Featured Research

from universities, journals, and other organizations

Gender differences in risk pathways for adolescent substance abuse and early adult alcoholism

Date:
June 11, 2011
Source:
University of Helsinki
Summary:
According to a recent Finnish study, boys and girls with attention deficit hyperactivity disorder may differ from each other in their vulnerability to substance use problems. Inattentiveness and hyperactivity may be more predictive of alcohol use disorders and maladaptive patterns of alcohol and illicit drug use among girls than boys.

Clinically ascertained reports suggest that boys and girls with attention deficit hyperactivity disorder (ADHD) may differ from each other in their vulnerability to substance use problems, say the researchers of the University of Helsinki and University of Jyväskylä, Finland.

A total of 1545 Finnish adolescents were assessed for DSM-IV-based ADHD symptoms by their parents and classroom teachers using standardized rating scales at age 11-12 years. At age 14, substance use disorders and psychiatric co-morbidity were assessed with the Semi-Structured Assessment for the Genetics of Alcoholism, providing DSM-III-R/DSM-IV diagnoses for Axis I disorders. At age 17.5, substance use was assessed by multi-item questionnaire.

Baseline ADHD symptoms were less common among girls than boys, but among girls they were more predictive of adverse substance use outcomes once conduct disorder and previous substance use were controlled for. Only in females were baseline ADHD symptoms significant predictors of alcohol abuse and dependence and illicit drug use at age 14. At the age of 17.5, parents' reports of inattentiveness and hyperactivity were significant predictors for frequent alcohol use in both sexes, but they were more predictive of frequent alcohol and illicit drug use in girls.

Impulsivity in teachers' ratings predicted frequent alcohol use and illicit drug use in boys. Parental reports of inattentiveness in their 11-/12-year-old daughters were a consistent predictor for illicit drug use across adolescence.

"Inattentiveness and hyperactivity may be more predictive of alcohol use disorders and maladaptive patterns of alcohol and illicit drug use among girls than boys," says psychiatrist, Dr. Elina Sihvola.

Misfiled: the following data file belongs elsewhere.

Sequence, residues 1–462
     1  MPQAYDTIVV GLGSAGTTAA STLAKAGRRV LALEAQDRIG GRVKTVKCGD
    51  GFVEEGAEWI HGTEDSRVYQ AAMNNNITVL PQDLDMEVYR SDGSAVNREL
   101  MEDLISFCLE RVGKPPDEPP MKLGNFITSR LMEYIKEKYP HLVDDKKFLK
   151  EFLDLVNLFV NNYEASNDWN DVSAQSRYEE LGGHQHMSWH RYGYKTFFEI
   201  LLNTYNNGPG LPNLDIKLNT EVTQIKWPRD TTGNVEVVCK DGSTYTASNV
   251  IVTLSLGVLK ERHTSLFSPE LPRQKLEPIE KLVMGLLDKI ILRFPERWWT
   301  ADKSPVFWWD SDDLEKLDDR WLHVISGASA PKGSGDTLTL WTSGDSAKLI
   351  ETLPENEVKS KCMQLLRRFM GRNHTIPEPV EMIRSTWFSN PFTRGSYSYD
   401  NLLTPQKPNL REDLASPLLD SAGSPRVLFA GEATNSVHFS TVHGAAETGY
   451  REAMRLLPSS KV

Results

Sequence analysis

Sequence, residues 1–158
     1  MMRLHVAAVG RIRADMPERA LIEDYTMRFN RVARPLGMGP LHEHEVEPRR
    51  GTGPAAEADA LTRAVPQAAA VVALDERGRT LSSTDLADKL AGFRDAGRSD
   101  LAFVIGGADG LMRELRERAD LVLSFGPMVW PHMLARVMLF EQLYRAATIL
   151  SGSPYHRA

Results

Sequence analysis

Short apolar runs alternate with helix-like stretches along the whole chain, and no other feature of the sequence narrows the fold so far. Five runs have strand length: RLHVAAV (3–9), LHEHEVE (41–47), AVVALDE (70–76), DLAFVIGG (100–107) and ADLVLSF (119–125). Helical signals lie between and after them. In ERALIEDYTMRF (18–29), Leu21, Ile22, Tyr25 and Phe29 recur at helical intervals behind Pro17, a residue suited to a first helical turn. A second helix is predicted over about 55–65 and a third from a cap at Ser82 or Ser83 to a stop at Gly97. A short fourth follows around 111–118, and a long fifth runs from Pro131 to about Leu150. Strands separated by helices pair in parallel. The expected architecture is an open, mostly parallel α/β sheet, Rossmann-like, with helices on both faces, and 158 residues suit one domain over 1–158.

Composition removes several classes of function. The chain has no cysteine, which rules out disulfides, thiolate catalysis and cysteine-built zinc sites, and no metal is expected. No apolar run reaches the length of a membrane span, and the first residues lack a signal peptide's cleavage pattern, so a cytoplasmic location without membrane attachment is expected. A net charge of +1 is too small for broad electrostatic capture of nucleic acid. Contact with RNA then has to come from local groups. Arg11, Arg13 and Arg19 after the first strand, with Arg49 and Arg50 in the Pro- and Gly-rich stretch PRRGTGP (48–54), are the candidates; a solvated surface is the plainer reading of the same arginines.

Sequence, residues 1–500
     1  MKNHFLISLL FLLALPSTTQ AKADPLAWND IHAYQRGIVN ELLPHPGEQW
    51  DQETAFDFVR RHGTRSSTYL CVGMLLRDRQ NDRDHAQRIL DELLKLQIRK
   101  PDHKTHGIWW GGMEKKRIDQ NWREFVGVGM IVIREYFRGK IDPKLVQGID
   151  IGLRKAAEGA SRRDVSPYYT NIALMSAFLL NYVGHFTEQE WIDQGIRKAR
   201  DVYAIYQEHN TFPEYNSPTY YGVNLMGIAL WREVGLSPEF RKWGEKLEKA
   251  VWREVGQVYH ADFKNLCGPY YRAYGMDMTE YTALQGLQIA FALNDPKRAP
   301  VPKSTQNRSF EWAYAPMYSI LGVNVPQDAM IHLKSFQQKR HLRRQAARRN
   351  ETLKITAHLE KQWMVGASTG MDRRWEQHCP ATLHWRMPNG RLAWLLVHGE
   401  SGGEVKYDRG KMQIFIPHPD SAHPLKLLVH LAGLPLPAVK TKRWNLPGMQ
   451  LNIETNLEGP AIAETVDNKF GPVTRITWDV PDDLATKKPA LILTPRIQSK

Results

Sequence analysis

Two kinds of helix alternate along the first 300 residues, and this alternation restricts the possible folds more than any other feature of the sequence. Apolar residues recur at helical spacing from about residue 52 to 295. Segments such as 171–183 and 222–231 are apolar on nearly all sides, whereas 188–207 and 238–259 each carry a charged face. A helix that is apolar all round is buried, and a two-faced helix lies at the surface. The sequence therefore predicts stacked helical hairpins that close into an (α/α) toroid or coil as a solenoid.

"The importance of these behavioural symptoms should be assessed further in the community, as they could jeopardize adolescents' successful transitioning into adult roles," she adds.


Story Source:

The above story is based on materials provided by University of Helsinki. Note: Materials may be edited for content and length.


Cite This Page:

University of Helsinki. "Gender differences in risk pathways for adolescent substance abuse and early adult alcoholism." ScienceDaily. ScienceDaily, 11 June 2011. <www.sciencedaily.com/releases/2011/06/110610094459.htm>.
University of Helsinki. (2011, June 11). Gender differences in risk pathways for adolescent substance abuse and early adult alcoholism. ScienceDaily. Retrieved July 30, 2014 from www.sciencedaily.com/releases/2011/06/110610094459.htm
University of Helsinki. "Gender differences in risk pathways for adolescent substance abuse and early adult alcoholism." ScienceDaily. www.sciencedaily.com/releases/2011/06/110610094459.htm (accessed July 30, 2014).

Share This




More Mind & Brain News

Wednesday, July 30, 2014

Featured Research

from universities, journals, and other organizations


Featured Videos

from AP, Reuters, AFP, and other news services

It's Not Just Facebook: OKCupid Experiments With Users Too

It's Not Just Facebook: OKCupid Experiments With Users Too

Newsy (July 29, 2014) — If you've been looking for love online, there's a chance somebody has been looking at how you're looking. Video provided by Newsy
Powered by NewsLook.com
How Your Face Can Leave A Good Or Bad First Impression

How Your Face Can Leave A Good Or Bad First Impression

Newsy (July 29, 2014) — Researchers have found certain facial features can make us seem more attractive or trustworthy. Video provided by Newsy
Powered by NewsLook.com
Losing Sleep Leaves You Vulnerable To 'False Memories'

Losing Sleep Leaves You Vulnerable To 'False Memories'

Newsy (July 27, 2014) — A new study shows sleep deprivation can make it harder for people to remember specific details of an event. Video provided by Newsy
Powered by NewsLook.com
University Quiz Implies Atheists Are Smarter Than Christians

University Quiz Implies Atheists Are Smarter Than Christians

Newsy (July 25, 2014) — An online quiz from a required course at Ohio State is making waves for suggesting atheists are inherently smarter than Christians. Video provided by Newsy
Powered by NewsLook.com

Search ScienceDaily

Number of stories in archives: 140,361

Find with keyword(s):
 
Enter a keyword or phrase to search ScienceDaily for related topics and research stories.

Save/Print:
Share:  

Breaking News:
from the past week

In Other News

... from NewsDaily.com

Science News

Health News

Environment News

Technology News



Save/Print:
Share:  

Free Subscriptions


Get the latest science news with ScienceDaily's free email newsletters, updated daily and weekly. Or view hourly updated newsfeeds in your RSS reader:

Get Social & Mobile


Keep up to date with the latest news from ScienceDaily via social networks and mobile apps:

Have Feedback?


Tell us what you think of ScienceDaily -- we welcome both positive and negative comments. Have any problems using the site? Questions?
Mobile iPhone Android Web
Follow Facebook Twitter Google+
Subscribe RSS Feeds Email Newsletters
Latest Headlines Health & Medicine Mind & Brain Space & Time Matter & Energy Computers & Math Plants & Animals Earth & Climate Fossils & Ruins